There is no market knowledge without knowing your competitors. Is there anything similar to what you are building already on the market? How is it doing? Is this product made by a large company with an enormous budget for marketing, or is the market dominated by small companies? How are you going to position your product? Is it going to be a budget solution? Is it going to be premium? It all matters a lot.
Those above are the very basic issues. However, you can also look at this from another angle. If you happen to make up something entirely new, the question you should ask yourself is: Why isn’t there anything like this on the market yet? Maybe there isn’t any demand for it? If you face this dilemma, it’s a good moment to come back to your persona and carefully consider her needs once again. But, it might also be the case that you are a new Mark Zuckenberg – creating something people soon won’t be able to imagine living without after they got it.
Why should people buy from you?
What is the difference between you and your competition? Why should people choose you over them? Sure, you are a lot cooler, but what else? Most startups offer smarter ways of doing things, but how is your product smarter than your competition? What’s the competitive edge? We think that those questions are all self-explanatory. After all, business is about selling and making money (and making the world a better place).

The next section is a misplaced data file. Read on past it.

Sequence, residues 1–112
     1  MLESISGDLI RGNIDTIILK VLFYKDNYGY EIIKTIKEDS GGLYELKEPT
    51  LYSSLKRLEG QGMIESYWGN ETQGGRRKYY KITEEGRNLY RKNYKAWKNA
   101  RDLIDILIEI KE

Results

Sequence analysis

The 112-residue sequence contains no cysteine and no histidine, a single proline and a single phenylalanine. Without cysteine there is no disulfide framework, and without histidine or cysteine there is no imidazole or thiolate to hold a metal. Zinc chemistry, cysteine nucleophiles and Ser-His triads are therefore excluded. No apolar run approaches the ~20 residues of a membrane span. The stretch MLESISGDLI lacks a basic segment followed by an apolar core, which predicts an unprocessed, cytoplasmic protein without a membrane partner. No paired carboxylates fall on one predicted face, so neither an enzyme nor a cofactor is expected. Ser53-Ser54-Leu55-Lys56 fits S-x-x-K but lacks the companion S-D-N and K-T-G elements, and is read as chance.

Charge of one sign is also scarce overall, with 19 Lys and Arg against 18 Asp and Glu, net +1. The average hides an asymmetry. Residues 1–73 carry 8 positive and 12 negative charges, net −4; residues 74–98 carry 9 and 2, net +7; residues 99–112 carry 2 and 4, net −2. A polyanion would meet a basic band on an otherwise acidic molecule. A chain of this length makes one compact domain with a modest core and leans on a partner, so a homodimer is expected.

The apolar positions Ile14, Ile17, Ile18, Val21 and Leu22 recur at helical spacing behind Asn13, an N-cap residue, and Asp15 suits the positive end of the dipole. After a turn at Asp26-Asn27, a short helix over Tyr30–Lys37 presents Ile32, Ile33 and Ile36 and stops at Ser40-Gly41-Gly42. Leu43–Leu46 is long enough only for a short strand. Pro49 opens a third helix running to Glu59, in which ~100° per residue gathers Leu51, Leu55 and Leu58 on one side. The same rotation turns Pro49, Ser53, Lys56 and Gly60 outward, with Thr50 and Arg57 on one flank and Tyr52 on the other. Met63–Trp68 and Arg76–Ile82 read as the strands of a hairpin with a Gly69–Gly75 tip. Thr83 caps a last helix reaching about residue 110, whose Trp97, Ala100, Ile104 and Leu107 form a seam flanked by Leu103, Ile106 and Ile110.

Our advice: don’t you dare start your business without knowing the answers to those questions. Seriously, just don’t.
What are your business goals?
In this section, you should think about what you want to achieve business-wise. What are your business goals, and how do you want to measure them? Is it going to be a number of visitors to your website? Maybe the number of subscriptions sold every month? Whatever you choose should be measurable (it’s only logical) and firmly set in time. Making them measurable allows you to check whether you are going in the right direction. Making them timebound lets you ensure that the pace is also right.
Remember that you don’t have to measure those in money. New businesses need time to break even. Take your time and let your KPIs be something different than just $$$ on your bank account.
Product development strategy vs product development framework
We can almost hear you asking: “Wait a minute! If what you described above is not a product development strategy, then what is?! Isn’t asking all those questions enough?!” Well… We are sorry, but it is not.
The simplest way to put it is that the product development framework is your “what?” and the product development strategy is your “how?”. Asking yourself all those questions mentioned in the previous chapter helps you clarify your vision. People are sometimes so consumed with their vision that they tend to ignore signals that it may not be so great after all. We already said it at the beginning; you or your product managers must validate your product strategy with real people – potential customers. Brainstorming over some clearly phrased questions is good to start when transforming a great vision into a great company. But, without stressing this enough, this is only a starting point.
Tom’s story – part 3